Budget 2014: What's the voters' verdict?

Nelson and Marama Harris with their children (from left) Te Hapuru, 12, Jayson, 10, Dakota, 4, Reiss, 9, Mari, 5, Tytan, 7, and Donna-Maree, 8. Photo / Brett Phibbs
Nelson and Marama Harris with their children (from left) Te Hapuru, 12, Jayson, 10, Dakota, 4, Reiss, 9, Mari, 5, Tytan, 7, and Donna-Maree, 8. Photo / Brett Phibbs

The parents: Nelson and Marama Harris

It's more than a year away, but free medicines and after-hours doctor visits for children under 13 are something to look forward to for the Harris family.

Nelson and Marama Harris, of Randwick Park, a high-deprivation suburb in South Auckland, have seven children aged 4 to 12.

Medical visits to their GP on weekdays are already free, but the after-hours clinic they sometimes use in Takanini lists its after-hours charges for children aged 6-17 at $17 for those from low-income areas or with a community services card and $41 for others.

Mr Harris, a power company cable installer, said the reduction in medical costs would give him and his wife - a student of travel and tourism who also looks after the children - a lot of peace of mind in an emergency.

Normally they would accept the costs of after-hours medical care as a necessity if their children needed to be seen, he said.

"Only if we were really stretched would I wait [until a weekday during office hours]. That would be rare, to wait till payday. We're trying to budget so we have got a reserve."

Mrs Harris said the abolition of the $5 prescription charge per subsidised medicine would make a difference for the family.

"Our oldest boy, one time I took him and it came to $30 for eczema."

The retiree: Bill Rayner

Despite no superannuation increases, a boost in spending on home-based care and elective surgery was a welcome relief, said retired financial director Bill Rayner.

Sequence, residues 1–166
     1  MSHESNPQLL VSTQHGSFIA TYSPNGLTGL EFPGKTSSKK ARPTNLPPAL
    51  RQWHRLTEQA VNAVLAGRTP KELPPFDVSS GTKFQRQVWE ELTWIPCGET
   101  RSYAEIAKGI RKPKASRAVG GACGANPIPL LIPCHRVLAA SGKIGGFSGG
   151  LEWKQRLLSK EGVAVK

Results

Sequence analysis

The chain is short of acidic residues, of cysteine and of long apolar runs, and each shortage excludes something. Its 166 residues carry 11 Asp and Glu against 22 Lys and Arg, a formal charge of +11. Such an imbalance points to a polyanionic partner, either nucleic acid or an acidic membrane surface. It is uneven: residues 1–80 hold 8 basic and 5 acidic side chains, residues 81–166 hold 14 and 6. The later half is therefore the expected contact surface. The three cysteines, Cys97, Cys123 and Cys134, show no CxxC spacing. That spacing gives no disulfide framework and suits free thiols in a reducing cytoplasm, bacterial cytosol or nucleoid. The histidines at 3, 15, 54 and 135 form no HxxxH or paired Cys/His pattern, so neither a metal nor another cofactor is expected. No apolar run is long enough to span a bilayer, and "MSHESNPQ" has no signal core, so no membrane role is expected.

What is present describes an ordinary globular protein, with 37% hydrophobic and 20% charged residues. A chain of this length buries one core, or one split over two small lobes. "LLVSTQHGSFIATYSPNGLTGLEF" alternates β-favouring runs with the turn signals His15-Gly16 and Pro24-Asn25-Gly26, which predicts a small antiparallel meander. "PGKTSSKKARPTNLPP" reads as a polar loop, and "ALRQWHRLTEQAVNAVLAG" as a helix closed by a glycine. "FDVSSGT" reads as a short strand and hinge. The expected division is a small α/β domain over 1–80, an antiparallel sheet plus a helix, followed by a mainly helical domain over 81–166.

Mr Rayner said it was disappointing spending on police was not increased, but liked the notion of investing more in science, agriculture and health studies at tertiary level.

"I think all the real positives for older people is probably the increase in the health budget for home-based support, that's a particular need and also the increase in elective surgery.

"My disappointment is that the police budget has been frozen once again for the fifth year. It is such a critical part of our social structure, older people tend to see it as an important area and I think they are getting a rough deal."

He did not believe more funding should go to education, but liked that it targeted key areas.

"Education has gone up but I think there's still a real need for major reform there. It is moving in the right direction towards targeting specific areas like science, agriculture and health services."

He would have liked to see changes to increase base wages and was not sure that removing tariffs on building materials was enough to address housing shortages.

The businessman: Geof Nightingale

Auckland business owner Geof Nightingale would have welcomed an increase in the police budget, which has been frozen for the fifth consecutive year.

Mr Nightingale, a director of Navigator Business Software, said he felt the freeze was a mistake. On the occasions the business had been robbed the police response time had not been as quick as he would have liked.

However, the 54-year-old said he was pleased to see the $372 million surplus had topped previous forecasts.

"It is nice to see ACC giving back - they were quick to increase [levies] a while ago when they ran short and very slow to return it when they made some big gains."

He said R&D changes - which will see innovative businesses benefit from new tax measures - were also positive.

- NZ Herald

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